In Whistling Artist, newly released by BWL Publishing, the facility is in an uproar over the removal of a painting by a local artist. The northwoods scene has hung on the wall in Whistling Pines for decades. The artist, a local woman with a remote studio, had specified that the painting couldn't be displayed with a companion piece showing a cabin overlooking Lake Superior, until after her death.
As is the case in many of the small towns featured in my writing, the local residents are distrustful of outsiders and reclusive people. As soon as the painting is removed, rumors start to swirl about the artist's private life. Because the artist never married, rumors swirl about her elderly male patron, her live-in female mentor (who doesn't return from a sabbatical), and the numerous art students she used as models for her paintings.
That's the serious part of the book.
Being a cozy, we don't want to dwell on a serious aspect of the story for too long. As the main plot unwinds, a group of Whistling Pines art students are taking classes from a woman who owns a local art studio. We're unsure if the interest in the class is due to the art classes, the inebriated instructor's tales of her life in France during the '60s, or the liberal amounts of wine dispensed to the art students during the class. When a nude model is recruited, an uproar ensues, led by a group of right-wing religious fanatics. The art studio is picketed, and a news crew arrives to document the protest. There are mixed feelings about the publicity, with the Chamber of Commerce viewing it as an opportunity to advertise an upcoming festival. The police chief defers an interview to the quirky fire chief who'd been called to hose down the protesters.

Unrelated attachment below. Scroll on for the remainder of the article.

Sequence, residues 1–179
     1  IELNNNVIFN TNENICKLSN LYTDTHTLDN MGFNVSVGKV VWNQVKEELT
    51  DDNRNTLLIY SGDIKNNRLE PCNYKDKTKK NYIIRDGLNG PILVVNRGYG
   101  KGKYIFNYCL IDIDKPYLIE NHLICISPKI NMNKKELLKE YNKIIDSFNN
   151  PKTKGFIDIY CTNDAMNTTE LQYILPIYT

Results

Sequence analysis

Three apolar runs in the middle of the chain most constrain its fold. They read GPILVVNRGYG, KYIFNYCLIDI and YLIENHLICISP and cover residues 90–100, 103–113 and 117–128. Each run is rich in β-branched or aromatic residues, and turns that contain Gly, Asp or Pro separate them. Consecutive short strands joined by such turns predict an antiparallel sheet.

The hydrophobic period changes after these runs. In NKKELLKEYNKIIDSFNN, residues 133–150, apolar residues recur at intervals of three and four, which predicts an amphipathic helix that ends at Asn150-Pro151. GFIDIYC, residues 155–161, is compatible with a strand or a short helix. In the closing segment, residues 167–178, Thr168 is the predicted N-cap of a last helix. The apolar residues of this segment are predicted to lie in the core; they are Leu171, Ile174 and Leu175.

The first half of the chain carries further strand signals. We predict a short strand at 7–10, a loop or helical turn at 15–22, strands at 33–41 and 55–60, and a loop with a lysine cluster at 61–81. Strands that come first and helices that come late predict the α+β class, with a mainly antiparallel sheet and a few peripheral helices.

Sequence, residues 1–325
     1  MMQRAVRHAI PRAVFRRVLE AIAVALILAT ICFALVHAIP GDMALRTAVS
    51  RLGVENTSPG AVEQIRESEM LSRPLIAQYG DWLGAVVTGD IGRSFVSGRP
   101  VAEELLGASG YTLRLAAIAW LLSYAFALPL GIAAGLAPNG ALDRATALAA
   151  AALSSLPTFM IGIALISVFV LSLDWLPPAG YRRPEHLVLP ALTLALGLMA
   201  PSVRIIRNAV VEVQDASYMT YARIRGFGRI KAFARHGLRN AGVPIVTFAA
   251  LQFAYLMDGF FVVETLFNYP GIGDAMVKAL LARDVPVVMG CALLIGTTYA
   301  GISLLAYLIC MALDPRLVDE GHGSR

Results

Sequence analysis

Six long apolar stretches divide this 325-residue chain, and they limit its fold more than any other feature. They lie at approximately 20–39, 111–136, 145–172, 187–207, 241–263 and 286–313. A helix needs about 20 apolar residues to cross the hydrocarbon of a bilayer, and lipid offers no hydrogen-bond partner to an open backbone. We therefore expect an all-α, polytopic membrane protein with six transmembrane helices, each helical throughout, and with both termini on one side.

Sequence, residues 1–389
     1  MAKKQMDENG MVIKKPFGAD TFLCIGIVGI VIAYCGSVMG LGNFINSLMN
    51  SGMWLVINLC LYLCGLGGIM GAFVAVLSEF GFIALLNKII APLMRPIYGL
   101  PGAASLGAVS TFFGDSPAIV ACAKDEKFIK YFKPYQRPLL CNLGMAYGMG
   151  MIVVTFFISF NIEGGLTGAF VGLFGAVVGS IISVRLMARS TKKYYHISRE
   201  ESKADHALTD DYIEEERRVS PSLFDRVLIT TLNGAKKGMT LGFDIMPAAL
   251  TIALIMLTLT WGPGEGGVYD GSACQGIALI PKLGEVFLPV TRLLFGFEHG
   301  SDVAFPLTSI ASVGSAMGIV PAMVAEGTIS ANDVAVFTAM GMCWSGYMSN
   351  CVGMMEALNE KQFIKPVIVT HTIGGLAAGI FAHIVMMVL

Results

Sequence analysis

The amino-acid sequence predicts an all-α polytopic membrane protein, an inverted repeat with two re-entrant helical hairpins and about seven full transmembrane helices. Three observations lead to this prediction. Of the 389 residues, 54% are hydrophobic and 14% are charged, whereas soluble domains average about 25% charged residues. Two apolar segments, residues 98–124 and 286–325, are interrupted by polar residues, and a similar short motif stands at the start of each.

As usual, things get crazy, in a good way, and the two plots get woven together in a surprise ending that puts many rumors to rest and confirms others.
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